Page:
Graham

Brian Smither
14th April 2013, 20:29
I have just come across this thread and am surprised there has'nt been much comment from RN personnel.
I was Cox'n of the S.E.O' s pinnace, HMS Forth 1959-60 Malta, this and our other boats all had 'Kitchener Gear' as we called it. I found it very easy to manoeuver especially in tight spaces. You, the cox'n was in complete control, you did'nt have to signal the boat's stoker to go ahead, astern, up revs, down revs etc. He started the engine set the revs at maximum you then controlled the speed both ahead and astern by rotating the hand wheel on the tiller. This opened and closed the 'buckets' around the prop hence slowing or increasing the speed. Max speed was achieved when the 'buckets' were open equally front and back. Astern was achieved by closing the 'buckets' totally behind the prop as was very slow ahead or stop achieved by closing them in front of the prop thereby preventing forward weigh.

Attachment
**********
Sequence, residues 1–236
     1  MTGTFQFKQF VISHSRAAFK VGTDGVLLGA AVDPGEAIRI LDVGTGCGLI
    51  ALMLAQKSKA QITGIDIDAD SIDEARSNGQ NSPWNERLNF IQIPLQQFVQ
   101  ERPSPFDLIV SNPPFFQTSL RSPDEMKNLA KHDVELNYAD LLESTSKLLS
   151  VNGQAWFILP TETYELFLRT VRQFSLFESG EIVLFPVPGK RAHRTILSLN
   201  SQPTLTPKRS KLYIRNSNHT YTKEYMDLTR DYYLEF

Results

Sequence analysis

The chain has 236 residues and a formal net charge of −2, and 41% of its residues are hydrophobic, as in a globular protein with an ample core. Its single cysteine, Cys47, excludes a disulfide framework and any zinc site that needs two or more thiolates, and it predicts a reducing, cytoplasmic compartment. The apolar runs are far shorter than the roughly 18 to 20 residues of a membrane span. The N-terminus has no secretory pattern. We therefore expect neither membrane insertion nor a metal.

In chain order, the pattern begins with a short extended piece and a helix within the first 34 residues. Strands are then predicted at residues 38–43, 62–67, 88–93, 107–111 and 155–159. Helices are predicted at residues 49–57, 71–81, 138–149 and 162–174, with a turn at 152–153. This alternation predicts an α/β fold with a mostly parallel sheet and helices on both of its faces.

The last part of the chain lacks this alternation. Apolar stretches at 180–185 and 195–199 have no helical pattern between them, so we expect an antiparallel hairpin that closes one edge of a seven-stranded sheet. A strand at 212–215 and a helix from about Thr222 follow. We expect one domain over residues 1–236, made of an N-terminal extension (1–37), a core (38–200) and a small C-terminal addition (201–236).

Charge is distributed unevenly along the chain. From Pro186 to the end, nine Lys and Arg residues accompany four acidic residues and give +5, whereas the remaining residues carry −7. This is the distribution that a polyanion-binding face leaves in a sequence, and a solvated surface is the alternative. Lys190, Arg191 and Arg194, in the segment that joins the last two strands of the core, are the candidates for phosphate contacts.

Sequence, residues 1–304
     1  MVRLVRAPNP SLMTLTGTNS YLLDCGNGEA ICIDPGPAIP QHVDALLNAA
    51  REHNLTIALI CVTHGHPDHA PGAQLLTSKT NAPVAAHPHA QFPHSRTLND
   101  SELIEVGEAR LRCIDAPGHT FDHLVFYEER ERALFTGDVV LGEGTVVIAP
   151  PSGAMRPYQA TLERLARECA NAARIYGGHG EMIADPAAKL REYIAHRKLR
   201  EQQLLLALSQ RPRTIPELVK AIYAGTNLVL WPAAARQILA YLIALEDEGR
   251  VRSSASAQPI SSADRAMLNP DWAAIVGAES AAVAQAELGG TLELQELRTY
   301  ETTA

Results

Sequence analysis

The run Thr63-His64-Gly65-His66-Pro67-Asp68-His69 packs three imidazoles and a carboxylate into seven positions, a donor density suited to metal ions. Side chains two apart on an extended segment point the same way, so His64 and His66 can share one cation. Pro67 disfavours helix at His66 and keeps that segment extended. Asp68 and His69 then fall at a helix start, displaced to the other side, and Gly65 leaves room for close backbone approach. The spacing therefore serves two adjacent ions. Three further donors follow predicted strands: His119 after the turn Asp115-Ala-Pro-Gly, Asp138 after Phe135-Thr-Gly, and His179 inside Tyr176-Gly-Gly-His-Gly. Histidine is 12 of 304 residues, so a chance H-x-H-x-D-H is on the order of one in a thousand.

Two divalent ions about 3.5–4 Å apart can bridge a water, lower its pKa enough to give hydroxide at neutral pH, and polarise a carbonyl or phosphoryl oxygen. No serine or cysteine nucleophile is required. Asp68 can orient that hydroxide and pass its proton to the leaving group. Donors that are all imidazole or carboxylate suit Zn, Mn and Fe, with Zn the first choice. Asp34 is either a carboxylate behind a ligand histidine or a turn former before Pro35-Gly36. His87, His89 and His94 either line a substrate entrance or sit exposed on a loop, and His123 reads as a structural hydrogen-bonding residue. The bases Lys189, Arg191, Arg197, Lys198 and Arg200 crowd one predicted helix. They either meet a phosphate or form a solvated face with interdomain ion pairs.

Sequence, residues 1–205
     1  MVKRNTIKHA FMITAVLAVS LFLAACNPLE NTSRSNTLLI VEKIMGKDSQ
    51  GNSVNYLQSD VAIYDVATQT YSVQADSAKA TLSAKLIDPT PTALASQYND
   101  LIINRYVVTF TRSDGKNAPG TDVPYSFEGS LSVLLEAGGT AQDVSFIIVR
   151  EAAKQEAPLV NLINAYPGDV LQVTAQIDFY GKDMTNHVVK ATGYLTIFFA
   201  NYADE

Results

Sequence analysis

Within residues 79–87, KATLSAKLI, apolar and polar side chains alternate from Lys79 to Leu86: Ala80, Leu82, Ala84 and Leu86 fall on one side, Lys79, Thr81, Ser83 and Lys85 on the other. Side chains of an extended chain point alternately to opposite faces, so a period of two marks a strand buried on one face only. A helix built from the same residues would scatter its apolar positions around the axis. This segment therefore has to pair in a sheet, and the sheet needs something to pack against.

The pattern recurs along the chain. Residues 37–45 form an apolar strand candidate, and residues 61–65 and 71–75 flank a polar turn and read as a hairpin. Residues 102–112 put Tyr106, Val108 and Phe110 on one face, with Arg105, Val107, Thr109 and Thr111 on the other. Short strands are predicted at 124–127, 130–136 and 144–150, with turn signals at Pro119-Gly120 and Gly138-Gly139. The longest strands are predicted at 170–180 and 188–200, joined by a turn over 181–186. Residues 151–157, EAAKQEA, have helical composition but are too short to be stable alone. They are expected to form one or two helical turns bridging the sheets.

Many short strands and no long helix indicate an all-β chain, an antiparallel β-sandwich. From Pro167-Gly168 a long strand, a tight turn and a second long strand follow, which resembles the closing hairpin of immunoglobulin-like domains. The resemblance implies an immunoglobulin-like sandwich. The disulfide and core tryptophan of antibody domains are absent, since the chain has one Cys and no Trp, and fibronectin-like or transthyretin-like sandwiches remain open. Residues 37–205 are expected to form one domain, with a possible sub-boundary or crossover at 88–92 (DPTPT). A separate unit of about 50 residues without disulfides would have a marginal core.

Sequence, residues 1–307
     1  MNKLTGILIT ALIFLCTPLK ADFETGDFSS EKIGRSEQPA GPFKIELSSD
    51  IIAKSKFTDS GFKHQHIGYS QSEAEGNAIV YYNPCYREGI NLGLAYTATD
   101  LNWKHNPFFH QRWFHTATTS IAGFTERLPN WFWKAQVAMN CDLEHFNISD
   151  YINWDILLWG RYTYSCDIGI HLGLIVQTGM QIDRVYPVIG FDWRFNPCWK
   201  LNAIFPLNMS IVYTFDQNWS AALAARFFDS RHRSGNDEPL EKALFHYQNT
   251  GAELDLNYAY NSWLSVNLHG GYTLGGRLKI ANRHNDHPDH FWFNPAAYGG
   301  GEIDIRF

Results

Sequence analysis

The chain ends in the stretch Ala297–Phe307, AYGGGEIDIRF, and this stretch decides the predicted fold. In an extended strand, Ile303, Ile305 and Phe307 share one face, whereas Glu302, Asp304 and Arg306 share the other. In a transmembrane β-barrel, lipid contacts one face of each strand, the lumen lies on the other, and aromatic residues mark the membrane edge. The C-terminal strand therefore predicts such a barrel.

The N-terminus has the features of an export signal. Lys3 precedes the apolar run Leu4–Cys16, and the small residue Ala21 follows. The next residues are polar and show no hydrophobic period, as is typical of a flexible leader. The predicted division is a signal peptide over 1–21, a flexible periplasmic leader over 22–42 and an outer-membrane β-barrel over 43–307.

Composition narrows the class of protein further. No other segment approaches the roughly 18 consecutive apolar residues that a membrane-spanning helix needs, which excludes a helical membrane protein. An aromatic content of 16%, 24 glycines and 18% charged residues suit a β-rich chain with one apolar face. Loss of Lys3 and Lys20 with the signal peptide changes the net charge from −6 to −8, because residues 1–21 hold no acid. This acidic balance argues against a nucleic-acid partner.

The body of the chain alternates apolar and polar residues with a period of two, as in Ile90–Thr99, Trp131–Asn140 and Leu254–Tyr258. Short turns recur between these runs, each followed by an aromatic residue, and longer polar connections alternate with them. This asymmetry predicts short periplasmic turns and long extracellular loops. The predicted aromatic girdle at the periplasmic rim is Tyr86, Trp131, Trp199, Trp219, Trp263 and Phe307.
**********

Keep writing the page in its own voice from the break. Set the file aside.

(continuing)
As an example, coming alongside a jetty, placing the boat a boat's length away from the jetty and by going full astern tiller held full over the boat would turn in its own length and come up alongside perfectly facing in the opposite direction. Took a bit of practice but never failed to impress!
I would imagine this propulsion method would have been discontinued due to cost as it was quite a sophisticated piece of engineering all built of bronze and if damaged expensive to fix.
One of the best jobs I ever had, especially the banyans to Comino at weekends.

Chillytoes
24th April 2013, 03:57
Whoever wrote the text for "The Hunt For HMAS Sydney" didn't look too hard for any mention of Kitchen gear. On page 219 of Manual of Seamanship Vol II of 1932 it states: "Boats are fitted with a clutch and reverse gear, clutch and reversing propellers, or clutch and Kitchen rudder."
I seem to recall an illustration, can't remember just where, and talking with Aussie ex-pussers, they knew all about "kitchener gear."